The Whanganui District Council spent $26,500 removing graffiti last financial year.
Council legal officer Paul Drake said the council received 622 graffiti complaints last financial year, markedly up on 488 the previous year.
In the current financial year to the beginning of May, it had received 394 graffiti complaints.
About half of all graffiti was thought to be on council property, particularly at public toilets and at the premier parks.
Mr Drake said the $26,500 the council spent removing graffiti last financial year included council overheads.
The costs associated with tagging included expensive graffiti removal products, paint, brushes and rollers.
The council had purchased a designated trailer and water blaster for graffiti removal - and worked to match paint colours when repainting council owned buildings.
For private properties, it had a limited selection of reasonably priced Resene paint colours. Resene also provided a standard paint-out colour for free.
Mr Drake said graffiti clean-up work was undertaken by council's community projects team, although trade painters were brought in for some specific areas or for work required during the weekends.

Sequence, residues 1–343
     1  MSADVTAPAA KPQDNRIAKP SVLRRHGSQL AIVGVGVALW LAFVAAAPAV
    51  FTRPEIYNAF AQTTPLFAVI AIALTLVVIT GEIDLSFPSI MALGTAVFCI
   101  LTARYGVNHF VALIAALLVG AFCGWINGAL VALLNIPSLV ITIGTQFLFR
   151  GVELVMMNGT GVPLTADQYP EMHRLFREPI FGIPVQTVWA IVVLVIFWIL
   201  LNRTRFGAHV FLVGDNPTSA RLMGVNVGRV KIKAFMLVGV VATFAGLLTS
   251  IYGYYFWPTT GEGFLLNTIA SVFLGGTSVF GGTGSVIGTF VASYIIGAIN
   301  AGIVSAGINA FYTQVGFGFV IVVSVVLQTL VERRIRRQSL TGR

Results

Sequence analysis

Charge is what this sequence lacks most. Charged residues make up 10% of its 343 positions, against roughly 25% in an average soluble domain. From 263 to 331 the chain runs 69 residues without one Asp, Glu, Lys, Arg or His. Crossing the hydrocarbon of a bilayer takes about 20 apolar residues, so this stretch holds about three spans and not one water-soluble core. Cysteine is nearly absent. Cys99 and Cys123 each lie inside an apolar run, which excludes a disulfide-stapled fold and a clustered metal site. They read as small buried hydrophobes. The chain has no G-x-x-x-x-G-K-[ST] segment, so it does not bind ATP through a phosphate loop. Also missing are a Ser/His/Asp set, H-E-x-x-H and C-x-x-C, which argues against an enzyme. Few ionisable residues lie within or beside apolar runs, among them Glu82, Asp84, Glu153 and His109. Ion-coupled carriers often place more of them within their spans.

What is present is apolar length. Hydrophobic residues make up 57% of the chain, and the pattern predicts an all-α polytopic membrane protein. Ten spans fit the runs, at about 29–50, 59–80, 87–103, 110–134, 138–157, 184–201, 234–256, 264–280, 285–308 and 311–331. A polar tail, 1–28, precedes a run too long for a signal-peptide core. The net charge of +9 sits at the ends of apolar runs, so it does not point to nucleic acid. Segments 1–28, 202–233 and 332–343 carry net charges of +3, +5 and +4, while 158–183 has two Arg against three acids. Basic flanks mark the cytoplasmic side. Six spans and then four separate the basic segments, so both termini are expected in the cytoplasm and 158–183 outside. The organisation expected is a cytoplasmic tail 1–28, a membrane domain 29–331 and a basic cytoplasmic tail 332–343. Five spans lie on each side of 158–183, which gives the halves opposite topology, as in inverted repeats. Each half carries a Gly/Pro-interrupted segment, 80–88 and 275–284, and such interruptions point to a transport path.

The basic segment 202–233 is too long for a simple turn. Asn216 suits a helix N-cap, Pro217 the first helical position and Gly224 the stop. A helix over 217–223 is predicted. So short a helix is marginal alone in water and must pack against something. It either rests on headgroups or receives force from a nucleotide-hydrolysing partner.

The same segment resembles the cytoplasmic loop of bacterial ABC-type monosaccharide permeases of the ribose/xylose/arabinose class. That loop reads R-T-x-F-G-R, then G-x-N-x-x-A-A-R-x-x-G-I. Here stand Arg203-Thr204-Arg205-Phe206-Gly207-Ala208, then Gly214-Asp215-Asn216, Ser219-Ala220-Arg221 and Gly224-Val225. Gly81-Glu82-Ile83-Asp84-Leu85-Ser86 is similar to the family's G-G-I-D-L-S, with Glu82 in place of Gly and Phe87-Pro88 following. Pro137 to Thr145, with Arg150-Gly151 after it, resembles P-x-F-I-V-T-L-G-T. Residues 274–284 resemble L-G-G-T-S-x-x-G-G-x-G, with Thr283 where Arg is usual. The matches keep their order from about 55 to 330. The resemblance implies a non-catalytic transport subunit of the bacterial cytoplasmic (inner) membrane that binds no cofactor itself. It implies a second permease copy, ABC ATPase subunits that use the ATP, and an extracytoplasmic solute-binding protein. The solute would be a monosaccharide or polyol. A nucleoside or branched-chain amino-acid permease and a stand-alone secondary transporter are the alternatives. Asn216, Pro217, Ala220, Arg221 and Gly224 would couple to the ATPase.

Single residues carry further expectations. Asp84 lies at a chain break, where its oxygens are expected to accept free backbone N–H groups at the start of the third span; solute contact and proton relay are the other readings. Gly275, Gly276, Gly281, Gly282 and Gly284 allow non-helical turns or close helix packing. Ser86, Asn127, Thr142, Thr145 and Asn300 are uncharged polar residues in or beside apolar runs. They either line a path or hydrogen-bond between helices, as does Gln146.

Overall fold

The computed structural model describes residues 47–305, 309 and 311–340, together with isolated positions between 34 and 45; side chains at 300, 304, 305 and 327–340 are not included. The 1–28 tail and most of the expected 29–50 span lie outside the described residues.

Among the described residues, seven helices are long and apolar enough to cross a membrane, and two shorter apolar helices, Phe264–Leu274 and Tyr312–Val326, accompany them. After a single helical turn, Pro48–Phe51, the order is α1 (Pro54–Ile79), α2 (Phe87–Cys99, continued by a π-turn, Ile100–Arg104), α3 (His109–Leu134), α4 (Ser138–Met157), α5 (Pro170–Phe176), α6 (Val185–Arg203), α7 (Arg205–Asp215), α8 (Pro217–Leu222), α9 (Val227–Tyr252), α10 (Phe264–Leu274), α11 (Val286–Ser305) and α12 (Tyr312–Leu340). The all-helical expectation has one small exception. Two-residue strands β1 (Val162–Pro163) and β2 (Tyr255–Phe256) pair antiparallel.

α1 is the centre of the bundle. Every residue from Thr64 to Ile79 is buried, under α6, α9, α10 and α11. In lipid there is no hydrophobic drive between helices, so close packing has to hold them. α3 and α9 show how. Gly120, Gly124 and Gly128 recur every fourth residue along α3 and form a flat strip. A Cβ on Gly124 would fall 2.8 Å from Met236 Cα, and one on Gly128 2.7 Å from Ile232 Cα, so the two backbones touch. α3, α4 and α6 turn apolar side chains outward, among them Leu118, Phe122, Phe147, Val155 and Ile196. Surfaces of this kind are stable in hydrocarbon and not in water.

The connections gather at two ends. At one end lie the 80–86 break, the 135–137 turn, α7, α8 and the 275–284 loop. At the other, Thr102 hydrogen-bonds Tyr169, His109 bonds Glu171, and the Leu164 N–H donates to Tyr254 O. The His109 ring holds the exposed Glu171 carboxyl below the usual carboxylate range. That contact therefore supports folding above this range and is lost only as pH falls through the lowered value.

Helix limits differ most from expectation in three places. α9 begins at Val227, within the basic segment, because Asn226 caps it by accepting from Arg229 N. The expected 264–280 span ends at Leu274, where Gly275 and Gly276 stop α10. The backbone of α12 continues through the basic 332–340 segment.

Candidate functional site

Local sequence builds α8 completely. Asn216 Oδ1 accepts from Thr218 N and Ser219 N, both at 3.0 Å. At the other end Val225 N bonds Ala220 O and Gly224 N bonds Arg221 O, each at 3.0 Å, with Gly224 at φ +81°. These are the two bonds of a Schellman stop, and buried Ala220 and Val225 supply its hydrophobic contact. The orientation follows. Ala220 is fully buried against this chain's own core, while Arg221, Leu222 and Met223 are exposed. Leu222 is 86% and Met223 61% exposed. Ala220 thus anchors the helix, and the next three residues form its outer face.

"If the graffiti is urgent or offensive, it requires the employees to leave their current job to attend to the graffiti and this can be very disruptive."
Mr Drake said incidents of graffiti spiked during school holidays.
Auckland Council has reduced graffiti through eradication, enforcement and education, and is sharing its secrets with other councils.
Senior advisor graffiti vandalism prevention Rob Shields said four service providers delivered graffiti vandalism prevention and removal services to the council.
They include Tag Out Trust, which tackled graffiti through removal, youth education and community volunteer support.
Mr Shields said each provider delivered eradication, enforcement and education under an overall umbrella of prevention.
There had been a 23 per cent reduction in graffiti vandalism incidents across Auckland since the introduction of services in 2013.
Auckland Council and its graffiti vandalism prevention service providers were sharing information with other councils, said Mr Shields.